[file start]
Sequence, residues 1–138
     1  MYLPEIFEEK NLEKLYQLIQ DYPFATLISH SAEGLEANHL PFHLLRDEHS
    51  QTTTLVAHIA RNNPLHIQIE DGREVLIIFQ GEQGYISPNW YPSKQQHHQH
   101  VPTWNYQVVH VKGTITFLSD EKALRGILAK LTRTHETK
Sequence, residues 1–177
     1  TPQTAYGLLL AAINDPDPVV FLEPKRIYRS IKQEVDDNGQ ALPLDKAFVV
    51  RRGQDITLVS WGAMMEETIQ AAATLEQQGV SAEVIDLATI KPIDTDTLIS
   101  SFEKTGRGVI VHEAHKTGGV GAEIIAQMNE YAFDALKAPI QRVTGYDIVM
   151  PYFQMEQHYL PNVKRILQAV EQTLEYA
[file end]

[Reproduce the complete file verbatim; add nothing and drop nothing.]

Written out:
Sequence, residues 1–138
     1  MYLPEIFEEK NLEKLYQLIQ DYPFATLISH SAEGLEANHL PFHLLRDEHS
    51  QTTTLVAHIA RNNPLHIQIE DGREVLIIFQ GEQGYISPNW YPSKQQHHQH
   101  VPTWNYQVVH VKGTITFLSD EKALRGILAK LTRTHETK
Sequence, residues 1–177
     1  TPQTAYGLLL AAINDPDPVV FLEPKRIYRS IKQEVDDNGQ ALPLDKAFVV
    51  RRGQDITLVS WGAMMEETIQ AAATLEQQGV SAEVIDLATI KPIDTDTLIS
   101  SFEKTGRGVI VHEAHKTGGV GAEIIAQMNE YAFDALKAPI QRVTGYDIVM
   151  PYFQMEQHYL PNVKRILQAV EQTLEYA